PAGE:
Critical Path turns 5

by Dan on February 21, 2017

Today marks the 5th anniversary of Critical Path, which blows my mind. I spent so long nurturing the idea, writing drafts, revising my advice, watching the landscape change around me…it’s surprising that it’s been a real thing that lives outside of my brain for this long.

When it was published, online game journalism had started to assert its inevitable dominance, so I had to really make sure my book wasn’t outdated the moment it was published. Looking at it now, I realize new readers might find the frequent use of the word “magazine” to be quaint, but they’re still out there — I still read magazines every week, in digital form on my iPad. But part of my goal with the book was to offer solid writing advice that wasn’t reliant on a medium. I could only offer advice based on my specific experience, but I tried to consciously make the advice as universal as possible.

And that’s the legacy, for me. One of the most gratifying reactions to the book has been people who said it helped them become a better writer even though they had no aspirations to review games. Enjoying or knowing about games certainly makes the book a smoother read, but I’m extremely happy that the book turned out to be more useful than that for some readers.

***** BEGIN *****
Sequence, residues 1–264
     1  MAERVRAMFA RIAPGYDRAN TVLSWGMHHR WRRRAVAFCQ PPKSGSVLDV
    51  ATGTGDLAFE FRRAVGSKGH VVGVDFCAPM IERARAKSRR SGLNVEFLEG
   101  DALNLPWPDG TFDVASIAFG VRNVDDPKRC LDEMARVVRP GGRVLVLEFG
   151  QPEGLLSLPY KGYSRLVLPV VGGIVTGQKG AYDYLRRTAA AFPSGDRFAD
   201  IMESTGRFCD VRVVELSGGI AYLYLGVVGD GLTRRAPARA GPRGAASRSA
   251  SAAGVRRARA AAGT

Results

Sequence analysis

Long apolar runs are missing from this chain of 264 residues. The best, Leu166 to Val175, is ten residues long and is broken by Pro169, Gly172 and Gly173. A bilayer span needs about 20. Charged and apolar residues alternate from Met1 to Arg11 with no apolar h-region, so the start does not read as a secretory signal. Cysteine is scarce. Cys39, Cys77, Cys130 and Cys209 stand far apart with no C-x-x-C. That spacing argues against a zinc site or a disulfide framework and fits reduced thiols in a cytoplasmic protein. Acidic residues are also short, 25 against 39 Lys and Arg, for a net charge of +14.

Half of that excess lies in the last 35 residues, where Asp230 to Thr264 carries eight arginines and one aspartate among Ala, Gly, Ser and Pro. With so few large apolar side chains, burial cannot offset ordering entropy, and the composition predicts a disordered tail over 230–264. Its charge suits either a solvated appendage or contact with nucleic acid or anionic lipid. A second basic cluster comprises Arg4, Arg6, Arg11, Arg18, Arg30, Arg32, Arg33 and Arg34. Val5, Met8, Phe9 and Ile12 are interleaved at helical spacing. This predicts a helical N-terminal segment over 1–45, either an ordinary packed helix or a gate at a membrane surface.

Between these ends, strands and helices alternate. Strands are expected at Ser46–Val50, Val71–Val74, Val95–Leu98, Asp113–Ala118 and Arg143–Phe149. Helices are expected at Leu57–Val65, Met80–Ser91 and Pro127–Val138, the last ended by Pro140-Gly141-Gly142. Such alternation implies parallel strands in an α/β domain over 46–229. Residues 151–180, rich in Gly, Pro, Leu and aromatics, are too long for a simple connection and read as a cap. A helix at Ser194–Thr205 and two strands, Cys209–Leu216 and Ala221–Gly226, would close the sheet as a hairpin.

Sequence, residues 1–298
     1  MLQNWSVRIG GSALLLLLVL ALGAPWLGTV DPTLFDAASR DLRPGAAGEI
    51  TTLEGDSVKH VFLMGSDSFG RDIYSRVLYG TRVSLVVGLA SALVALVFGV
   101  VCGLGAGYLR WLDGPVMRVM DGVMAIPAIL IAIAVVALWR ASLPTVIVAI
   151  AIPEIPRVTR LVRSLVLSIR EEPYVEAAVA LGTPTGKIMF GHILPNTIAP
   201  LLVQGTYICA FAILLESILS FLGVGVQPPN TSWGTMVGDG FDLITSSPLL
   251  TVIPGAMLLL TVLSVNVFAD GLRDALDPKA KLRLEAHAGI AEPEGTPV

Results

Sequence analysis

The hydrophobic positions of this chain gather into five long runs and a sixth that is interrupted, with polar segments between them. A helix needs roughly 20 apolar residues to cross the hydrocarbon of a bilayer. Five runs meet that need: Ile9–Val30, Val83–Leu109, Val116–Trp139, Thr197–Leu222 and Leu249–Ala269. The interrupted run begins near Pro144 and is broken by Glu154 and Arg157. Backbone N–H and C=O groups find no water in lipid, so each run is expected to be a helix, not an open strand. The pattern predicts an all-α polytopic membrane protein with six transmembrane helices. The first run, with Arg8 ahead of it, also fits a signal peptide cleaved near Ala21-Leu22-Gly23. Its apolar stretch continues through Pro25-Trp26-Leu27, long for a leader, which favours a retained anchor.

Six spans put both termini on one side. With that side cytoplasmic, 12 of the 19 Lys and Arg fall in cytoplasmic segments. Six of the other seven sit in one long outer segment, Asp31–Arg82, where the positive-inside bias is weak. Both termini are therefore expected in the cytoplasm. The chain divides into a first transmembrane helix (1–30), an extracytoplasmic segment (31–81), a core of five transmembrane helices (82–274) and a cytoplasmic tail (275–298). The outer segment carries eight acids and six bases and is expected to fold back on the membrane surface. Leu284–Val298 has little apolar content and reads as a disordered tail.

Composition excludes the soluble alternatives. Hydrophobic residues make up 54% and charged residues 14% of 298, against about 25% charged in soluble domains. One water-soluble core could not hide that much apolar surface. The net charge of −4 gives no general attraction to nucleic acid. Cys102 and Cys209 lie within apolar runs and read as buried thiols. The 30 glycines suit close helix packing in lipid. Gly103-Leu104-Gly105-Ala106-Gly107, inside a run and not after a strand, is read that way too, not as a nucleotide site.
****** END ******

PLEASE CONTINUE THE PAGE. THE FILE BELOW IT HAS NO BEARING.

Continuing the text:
By the way…only three people have let me know that they found the secret chapter. That’s one of two puzzles hidden in all editions of the book. There’s a simple secret message encoded on the cover, but for the secret bonus chapter, you’ll need to be even more observant.

Good luck, and thanks for five years of support!


This year at PAX East 2014, I banded together with Susan Arendt from Joystiq and Chris Kohler from Wired Gane|Life to revisit some a few of the game reviews that haunt us — stuff that elicited such a strong reaction that we had to stop and wonder if we’d done the right thing. Here’s the description of the panel and its purpose:

Was I Wrong? Revisiting Controversial Reviews

Every game critic has That One Review that haunts them – too low, too high, or just plain unpopular in the eyes of the public. It’s enough to make the writer wonder if they really made a mistake or if the rest of the world is just nuts. A gathering of game reviewers past and present revisit That One Review to talk about their processes, what they did to weather the storm of controversy, the fallibility of human beings versus the assumed infallibility of the press, and ultimately how to handle criticism of criticism.

I’ve finally uploaded the audio from this panel, so if you couldn’t be there in person, you can still hear all about it. I’d include the PowerPoint but it’s embarrassingly simplistic and ugly, because I made it.

In any case, the file is available for download here. There are a few four-letter words in this panel, so parental guidance is suggested. Share and enjoy!

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Up Up Down Down Left WRITE — available now

August 5, 2013